By the time children reach school age, they should be talking in full grammatically correct sentences. Long gone are the days of 1-2 word phrases and “baby talk”. Although children in Kindergarten may still present with some developmentally appropriate articulation difficulties, strangers should be able to understand them 100% of the time. Literacy acquisition also comes into play, from learning letter sounds, to building their phonological awareness, to reading and writing.
Speech and Language Milestones for School Age Children
4 year olds can:
- ask ‘wh’ questions
- understand most ‘wh’ questions
- speak in complete, and grammatically correct sentences (e.g., “The dog is hiding behind the tree.”)
- retell stories using picture clues
- count the number of syllables in
- speak with very few sound/articulation omissisions/substitutions.
5 year olds:
- Understand yesterday/tomorrow, more/less, some/many, before/after
- Use complex sentences
- Can answer “What happens if…..?” questions
- Can classify according to physical attributes, size, shape and colour
- Know many letter names
- Follow three-step directions
- Repeats sentences up to nine words in length
6 – 8 year olds:
- Use all pronouns correctly (e.g. “I”, “he”, “she”, “him”, etc)
- Speak like a “miniature adult” (ie., The child uses common sayings and correct grammar).
- Are able to provide definitions of words and multiple definitions of words.
- Are able to tell riddles and jokes
- Are able to understand frequently occurring idioms, metaphors, multiple meanings, and proverbs
- Are able to list events of a story in the appropriate order
Warning Signals for School-Aged Children Compared to other children the child’s age, he/she demonstrates difficulty…
- organizing words into sentences after age 5.
- understanding speech (e.g. stories, conversations, t.v. programs).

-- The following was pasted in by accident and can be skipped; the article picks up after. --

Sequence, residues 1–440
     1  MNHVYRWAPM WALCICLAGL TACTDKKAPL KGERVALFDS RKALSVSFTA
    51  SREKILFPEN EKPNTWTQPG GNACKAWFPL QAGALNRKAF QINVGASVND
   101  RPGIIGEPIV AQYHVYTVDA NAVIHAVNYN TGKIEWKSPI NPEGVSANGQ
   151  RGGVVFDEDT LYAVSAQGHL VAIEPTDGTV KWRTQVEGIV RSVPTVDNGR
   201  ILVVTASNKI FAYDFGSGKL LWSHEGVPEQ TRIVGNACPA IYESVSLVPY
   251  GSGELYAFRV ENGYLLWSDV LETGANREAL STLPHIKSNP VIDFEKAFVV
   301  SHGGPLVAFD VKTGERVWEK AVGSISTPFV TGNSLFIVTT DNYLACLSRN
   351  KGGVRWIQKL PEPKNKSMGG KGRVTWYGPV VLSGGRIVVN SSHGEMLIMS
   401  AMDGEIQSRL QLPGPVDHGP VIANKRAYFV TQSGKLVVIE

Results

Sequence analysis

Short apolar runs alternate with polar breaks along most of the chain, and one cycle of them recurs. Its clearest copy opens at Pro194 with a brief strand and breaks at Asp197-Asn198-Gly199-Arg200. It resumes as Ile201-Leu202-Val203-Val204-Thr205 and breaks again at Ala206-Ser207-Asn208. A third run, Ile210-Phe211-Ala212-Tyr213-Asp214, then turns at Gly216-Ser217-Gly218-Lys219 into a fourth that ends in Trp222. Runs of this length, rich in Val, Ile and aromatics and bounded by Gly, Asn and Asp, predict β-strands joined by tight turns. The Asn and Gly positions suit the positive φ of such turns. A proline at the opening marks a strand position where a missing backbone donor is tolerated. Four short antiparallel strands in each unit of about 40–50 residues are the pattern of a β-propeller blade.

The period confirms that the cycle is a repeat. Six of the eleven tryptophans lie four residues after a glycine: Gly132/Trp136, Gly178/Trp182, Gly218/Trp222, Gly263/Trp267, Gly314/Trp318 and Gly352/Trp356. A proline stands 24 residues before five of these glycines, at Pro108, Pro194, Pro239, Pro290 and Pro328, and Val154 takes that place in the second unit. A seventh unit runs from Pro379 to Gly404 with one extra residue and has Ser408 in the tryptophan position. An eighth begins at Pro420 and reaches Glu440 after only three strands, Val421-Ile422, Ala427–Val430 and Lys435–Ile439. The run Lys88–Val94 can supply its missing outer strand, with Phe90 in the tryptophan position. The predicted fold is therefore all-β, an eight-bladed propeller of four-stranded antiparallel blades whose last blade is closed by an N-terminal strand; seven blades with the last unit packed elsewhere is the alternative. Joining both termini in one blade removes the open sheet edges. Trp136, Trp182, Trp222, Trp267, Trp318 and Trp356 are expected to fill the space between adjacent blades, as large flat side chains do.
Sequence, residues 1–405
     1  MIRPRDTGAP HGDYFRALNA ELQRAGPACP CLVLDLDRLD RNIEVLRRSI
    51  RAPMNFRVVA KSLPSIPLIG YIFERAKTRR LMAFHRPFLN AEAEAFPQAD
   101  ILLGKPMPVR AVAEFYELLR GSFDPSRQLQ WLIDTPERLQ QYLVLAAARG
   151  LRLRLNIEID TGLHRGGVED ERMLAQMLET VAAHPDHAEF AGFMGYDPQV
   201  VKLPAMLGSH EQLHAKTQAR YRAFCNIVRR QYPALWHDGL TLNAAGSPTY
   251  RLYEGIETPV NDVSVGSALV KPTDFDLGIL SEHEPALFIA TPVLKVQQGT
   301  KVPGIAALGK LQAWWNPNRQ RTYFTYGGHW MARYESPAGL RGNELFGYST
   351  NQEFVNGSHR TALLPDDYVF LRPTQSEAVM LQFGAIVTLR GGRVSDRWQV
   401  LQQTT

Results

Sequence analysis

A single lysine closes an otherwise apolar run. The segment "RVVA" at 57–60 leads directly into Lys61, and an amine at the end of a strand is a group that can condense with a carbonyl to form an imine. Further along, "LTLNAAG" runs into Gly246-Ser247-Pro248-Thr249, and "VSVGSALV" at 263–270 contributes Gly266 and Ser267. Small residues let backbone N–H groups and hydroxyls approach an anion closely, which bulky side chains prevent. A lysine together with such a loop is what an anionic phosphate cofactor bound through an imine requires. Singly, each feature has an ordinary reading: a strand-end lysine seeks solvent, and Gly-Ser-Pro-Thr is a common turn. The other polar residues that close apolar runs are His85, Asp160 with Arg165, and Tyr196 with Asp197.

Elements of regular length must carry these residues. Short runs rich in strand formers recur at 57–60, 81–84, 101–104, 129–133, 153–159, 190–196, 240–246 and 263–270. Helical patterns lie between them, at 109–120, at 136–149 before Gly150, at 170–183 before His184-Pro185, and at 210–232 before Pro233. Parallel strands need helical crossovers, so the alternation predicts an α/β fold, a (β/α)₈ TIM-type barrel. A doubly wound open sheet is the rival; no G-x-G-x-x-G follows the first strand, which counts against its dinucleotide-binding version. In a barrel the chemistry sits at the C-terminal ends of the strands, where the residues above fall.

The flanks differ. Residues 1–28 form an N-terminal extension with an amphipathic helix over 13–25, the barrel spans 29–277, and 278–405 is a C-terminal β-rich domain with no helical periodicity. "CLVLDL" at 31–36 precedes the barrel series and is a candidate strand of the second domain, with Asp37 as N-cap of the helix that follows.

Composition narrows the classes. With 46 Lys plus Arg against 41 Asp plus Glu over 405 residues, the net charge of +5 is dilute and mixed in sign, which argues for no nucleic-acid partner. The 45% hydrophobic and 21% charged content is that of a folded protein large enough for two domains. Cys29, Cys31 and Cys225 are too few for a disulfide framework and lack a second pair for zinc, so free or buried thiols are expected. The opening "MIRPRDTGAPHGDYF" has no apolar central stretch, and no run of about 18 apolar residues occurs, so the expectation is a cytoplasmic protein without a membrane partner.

- following directions.
- recalling and retelling events and
- telling and understanding jokes.
- staying on topic in conversations.
- with appropriate play/social
- acquiring literacy skills.
For speech and language milestones for younger children, click here.
Speech Therapists / Speech Pathologists can help with the following:
Articulation/Speech clarity difficulties:
- the child is difficult to understand due to pronunciation issues
- the child is getting frustrated because peers/teachers are having difficulty understanding what he/she is saying.
- the child is repeating sounds (e.g. “b-b-b-ball), syllables (e.g. “ta-ta-table”), or blocks/gets stuck on a word and it looks as though no sound/air is coming out.
- the child is frustrated and avoiding certain words and situations.
Expressive Language difficulties
- the child has difficulty retelling a grammatically correct story in logical order
- the child uses a lot of vague/non-specific vocabulary (e.g. ‘this’, ‘that’, ‘thing’, ‘it)
Receptive Language difficulties
- the child has difficulty following simple or complex instructions
- the child appears to have weak vocabulary knowledge
- the child has poor knowledge of various concepts (e.g. ‘beside’, ‘in front’, ‘some’, ‘alll’, ‘empty’, ‘full’, ‘middle’etc.)
- the child has difficulty making predictions, inferencing and problem solving
- the child has weak pre- literacy/phonological awareness skills
- the child has weak sound/letter knowledge
- the child has poor decoding skills
- the child has weak sight word knowledge
- the child has poor reading comprehension skills
- the child has poor writing skills (ie. The child struggles with spelling, writing a sentence/story in a coherent manner
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